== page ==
2 Div. 648.
August 23, 1988. Rehearing Denied September 20, 1988. Certiorari Denied December 2, 1988 Alabama Supreme Court 88-23.
Appeal from the Circuit Court, Wilcox County, Charles A. Thigpen, J.
Arthur J. Madden III, Mobile, for appellant.
Don Siegelman, Atty. Gen., and Sandra Lewis, Asst. Atty. Gen., for appellee.
James Earl Bettis was indicted by the Wilcox County Grand Jury for leaving the scene of an accident in violation of § 32-10-2, Code of Alabama 1975, and for manslaughter in violation of § 13A-6-3, Code of Alabama 1975.
The appellant was found guilty of leaving the scene of an accident and of criminally negligent homicide. The appellant was sentenced to 10 years' imprisonment in the state penitentiary for leaving the scene of an accident and to one year in the Wilcox County Jail for criminally negligent homicide. The one-year sentence is to run concurrently with the 10-year sentence. The appellant raises two issues in brief which are set out herein.
The appellant alleges that the felony punishment for the offense of leaving the scene of an accident violates one's Fourteenth Amendment right to due process of law because there is no scienter requirement. The appellant bases this contention on the proposition that § 32-10-2, Code of Alabama 1975 is a strict liability statute.
Section 13A-2-3, Code of Alabama 1975 states the following:
"The minimum requirement for criminal liability is the performance by a person of conduct which includes a voluntary act or the omission to perform an act which he is physically capable of performing. If that conduct is all that is required for commission of a particular offense, or if an offense or some material element thereof does not require a culpable mental state on the part of the actor, the offense is one of 'strict liability'. If a culpable mental state on the part of the actor is required with respect to any material element of an offense, the offense is one of 'mental culpability.' "
Section 13A-2-4, Code of Alabama 1975 states the following:
"(b) Although no culpable mental state is expressly designated in a statute defining an offense, an appropriate culpable mental state may nevertheless be required for the commission of the offense, or with respect to some or all of the material elements thereof, if the proscribed conduct necessarily involves such culpable mental state. A statute defining a crime, unless clearly indicating a legislative intent to impose strict liability states a crime of mental culpability." (Emphasis added).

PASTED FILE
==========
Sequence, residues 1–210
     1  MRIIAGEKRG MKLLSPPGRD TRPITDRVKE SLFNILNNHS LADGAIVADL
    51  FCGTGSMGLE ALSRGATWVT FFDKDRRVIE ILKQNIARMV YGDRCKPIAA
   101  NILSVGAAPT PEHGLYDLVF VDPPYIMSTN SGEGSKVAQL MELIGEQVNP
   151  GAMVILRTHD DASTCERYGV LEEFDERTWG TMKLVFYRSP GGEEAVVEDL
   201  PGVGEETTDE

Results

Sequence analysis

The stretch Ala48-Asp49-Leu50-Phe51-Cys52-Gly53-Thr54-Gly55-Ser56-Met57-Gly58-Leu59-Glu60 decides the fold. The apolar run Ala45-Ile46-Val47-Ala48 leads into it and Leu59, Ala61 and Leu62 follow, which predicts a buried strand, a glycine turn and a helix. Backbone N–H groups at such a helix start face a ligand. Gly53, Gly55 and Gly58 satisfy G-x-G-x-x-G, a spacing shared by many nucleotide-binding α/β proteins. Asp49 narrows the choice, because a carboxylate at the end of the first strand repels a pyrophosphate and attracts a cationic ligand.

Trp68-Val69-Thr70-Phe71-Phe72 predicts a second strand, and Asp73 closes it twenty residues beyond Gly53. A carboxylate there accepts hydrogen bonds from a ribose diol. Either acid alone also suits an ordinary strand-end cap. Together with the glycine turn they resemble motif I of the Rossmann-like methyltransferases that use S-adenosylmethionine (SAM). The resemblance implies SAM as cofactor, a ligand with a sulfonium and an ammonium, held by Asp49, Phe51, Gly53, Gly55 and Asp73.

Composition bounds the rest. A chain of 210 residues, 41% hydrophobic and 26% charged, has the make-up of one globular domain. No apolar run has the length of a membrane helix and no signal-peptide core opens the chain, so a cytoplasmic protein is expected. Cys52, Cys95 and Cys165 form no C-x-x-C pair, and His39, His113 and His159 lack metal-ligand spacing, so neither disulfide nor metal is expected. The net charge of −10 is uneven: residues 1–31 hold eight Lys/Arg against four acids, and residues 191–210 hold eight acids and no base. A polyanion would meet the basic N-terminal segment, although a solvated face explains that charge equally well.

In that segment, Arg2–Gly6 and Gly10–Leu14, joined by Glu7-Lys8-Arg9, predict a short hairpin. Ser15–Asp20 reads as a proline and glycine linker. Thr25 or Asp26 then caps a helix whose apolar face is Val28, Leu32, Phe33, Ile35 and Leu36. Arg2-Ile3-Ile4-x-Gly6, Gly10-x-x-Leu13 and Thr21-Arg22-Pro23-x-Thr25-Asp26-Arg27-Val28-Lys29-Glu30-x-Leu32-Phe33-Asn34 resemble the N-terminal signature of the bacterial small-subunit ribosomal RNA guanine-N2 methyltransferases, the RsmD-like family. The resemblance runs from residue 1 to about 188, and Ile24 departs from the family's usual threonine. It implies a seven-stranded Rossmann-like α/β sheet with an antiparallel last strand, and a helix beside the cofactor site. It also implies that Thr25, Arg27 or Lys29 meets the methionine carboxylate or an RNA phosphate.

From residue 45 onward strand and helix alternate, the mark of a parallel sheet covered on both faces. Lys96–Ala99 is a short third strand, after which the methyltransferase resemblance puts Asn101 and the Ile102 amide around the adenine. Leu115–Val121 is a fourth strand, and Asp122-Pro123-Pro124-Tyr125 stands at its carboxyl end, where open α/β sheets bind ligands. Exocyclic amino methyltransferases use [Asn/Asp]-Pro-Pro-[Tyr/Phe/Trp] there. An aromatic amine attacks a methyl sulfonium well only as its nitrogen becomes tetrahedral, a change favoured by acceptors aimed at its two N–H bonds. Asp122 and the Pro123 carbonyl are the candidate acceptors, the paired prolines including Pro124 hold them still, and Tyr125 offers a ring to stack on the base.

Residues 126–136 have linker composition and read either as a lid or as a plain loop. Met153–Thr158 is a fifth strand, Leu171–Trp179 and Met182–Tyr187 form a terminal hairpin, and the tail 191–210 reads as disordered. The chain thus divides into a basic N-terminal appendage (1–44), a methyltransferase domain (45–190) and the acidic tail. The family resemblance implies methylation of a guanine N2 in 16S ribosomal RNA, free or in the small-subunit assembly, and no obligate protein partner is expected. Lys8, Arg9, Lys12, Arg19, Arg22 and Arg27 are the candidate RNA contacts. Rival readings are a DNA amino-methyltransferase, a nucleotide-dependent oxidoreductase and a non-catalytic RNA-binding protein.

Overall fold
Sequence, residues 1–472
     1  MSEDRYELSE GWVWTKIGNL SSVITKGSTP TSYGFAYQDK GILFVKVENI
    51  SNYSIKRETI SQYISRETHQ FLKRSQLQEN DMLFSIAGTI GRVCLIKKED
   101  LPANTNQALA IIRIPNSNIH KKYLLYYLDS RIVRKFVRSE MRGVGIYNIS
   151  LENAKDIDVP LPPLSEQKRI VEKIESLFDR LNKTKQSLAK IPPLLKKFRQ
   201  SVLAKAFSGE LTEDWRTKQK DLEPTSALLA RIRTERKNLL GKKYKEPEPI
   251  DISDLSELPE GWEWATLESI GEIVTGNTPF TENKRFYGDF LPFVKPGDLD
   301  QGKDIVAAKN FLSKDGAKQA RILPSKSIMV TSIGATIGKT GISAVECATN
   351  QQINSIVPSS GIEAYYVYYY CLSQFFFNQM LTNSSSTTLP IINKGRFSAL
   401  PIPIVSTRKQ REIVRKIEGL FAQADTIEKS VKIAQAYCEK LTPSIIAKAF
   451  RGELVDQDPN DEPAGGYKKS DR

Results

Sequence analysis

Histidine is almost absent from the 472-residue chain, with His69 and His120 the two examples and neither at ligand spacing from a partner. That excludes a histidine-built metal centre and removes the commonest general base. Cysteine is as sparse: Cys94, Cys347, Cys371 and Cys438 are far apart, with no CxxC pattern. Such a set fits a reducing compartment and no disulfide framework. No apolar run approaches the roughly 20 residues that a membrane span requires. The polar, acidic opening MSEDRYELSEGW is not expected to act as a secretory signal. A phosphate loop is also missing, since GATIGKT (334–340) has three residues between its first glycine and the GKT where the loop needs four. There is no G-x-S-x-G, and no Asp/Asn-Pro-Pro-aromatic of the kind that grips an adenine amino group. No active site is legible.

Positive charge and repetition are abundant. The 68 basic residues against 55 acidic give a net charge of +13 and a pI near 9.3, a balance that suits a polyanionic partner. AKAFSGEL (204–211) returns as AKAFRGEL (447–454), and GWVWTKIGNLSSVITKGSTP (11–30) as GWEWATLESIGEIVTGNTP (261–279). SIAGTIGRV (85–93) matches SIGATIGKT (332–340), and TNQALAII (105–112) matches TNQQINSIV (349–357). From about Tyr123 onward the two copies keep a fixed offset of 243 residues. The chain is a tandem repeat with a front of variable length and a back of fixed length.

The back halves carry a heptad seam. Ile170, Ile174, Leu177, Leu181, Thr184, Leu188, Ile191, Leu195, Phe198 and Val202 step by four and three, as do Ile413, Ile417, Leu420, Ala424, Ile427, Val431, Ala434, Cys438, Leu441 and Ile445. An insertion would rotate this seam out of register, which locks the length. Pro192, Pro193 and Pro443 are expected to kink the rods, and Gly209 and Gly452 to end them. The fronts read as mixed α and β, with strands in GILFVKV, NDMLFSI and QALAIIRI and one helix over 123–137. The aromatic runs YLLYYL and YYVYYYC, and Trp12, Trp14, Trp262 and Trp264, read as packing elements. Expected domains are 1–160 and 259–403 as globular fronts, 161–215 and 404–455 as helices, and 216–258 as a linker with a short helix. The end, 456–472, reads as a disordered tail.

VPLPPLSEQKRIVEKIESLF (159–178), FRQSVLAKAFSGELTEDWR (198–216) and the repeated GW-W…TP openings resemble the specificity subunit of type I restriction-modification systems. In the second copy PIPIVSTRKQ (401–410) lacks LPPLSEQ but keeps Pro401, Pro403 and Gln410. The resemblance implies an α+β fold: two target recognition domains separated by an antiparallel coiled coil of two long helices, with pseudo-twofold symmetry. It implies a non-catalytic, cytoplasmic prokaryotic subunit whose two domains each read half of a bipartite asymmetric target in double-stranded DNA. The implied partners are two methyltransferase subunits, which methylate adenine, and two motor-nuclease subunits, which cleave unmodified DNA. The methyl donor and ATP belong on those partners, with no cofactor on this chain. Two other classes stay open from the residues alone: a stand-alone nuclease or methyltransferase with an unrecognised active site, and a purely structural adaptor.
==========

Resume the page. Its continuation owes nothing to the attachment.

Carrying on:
Section 32-10-2, Code of Alabama 1975 contains no language indicating that this is a strict liability statute. The issue of the appellant's culpability is an issue which was properly presented to the trial jury, which rendered a verdict against this appellant. See, State v. Self, 492 So.2d 319 (Ala.Crim.App. 1986).
The appellant alleges that the trial court erred in instructing the jury that guilt could be found where the appellant "should have known that the injury had flowed from the accident."
The following is the trial court's charge to the jury:
"Now to sustain the charge of leaving the scene of an accident in this case as charged in Count One, the State must prove, one, that Willie Earl James is dead. Two, that Charles Earl Bettis caused the death of Willie Earl James by striking him with a motor vehicle. Three, that Charles Earl Bettis knew or should have known that he caused the death of Willie Earl James. And, four, that the said Charles Earl Bettis, failed to stop the vehicle and render assistance as required by statute.
"Now I use the terms 'knew' or 'should have known'. Necessarily (sic) is an essential element of this crime. This does not mean that the person should have possessed knowledge to the extent of damage or injuries inflicted. It does mean that in order to be guilty of violating the statute, the driver must be aware that harm had been done. It must be present in his mind that there has been an injury and then, with that in mind, he must deliberately go away without making hisself (sic) known. If an injury is inflicted under such circumstances, it would ordinarily superinduce belief in a reasonable person that injury would flow or had flowed from the accident or collision then it is the duty of the operator to stop his vehicle. Now, in this case, there are two counts contained in the indictment charging the Defendant in Count One with the offense of leaving the scene of the accident and in Count Two with the offense of manslaughter." (R. 152153).
The trial court's charge to the jury is proper. "If an injury is inflicted under such circumstances as would ordinarily superinduce the belief in a reasonable person that injury would flow, or had flowed, from the accident or collision, then it is the duty of the operator to stop his vehicle." Touchtone v. State, 42 Ala. App. 141, 155 So.2d 349 (1963).
For this reason and those cited, this cause is due to be and is, hereby, affirmed.
All the Judges concur.